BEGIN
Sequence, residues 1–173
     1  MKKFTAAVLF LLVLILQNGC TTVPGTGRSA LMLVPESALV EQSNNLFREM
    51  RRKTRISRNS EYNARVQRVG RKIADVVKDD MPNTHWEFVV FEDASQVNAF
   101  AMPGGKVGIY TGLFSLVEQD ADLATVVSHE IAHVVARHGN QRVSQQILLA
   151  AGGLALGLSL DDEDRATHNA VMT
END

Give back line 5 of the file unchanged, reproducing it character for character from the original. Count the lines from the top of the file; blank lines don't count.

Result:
   151  AGGLALGLSL DDEDRATHNA VMT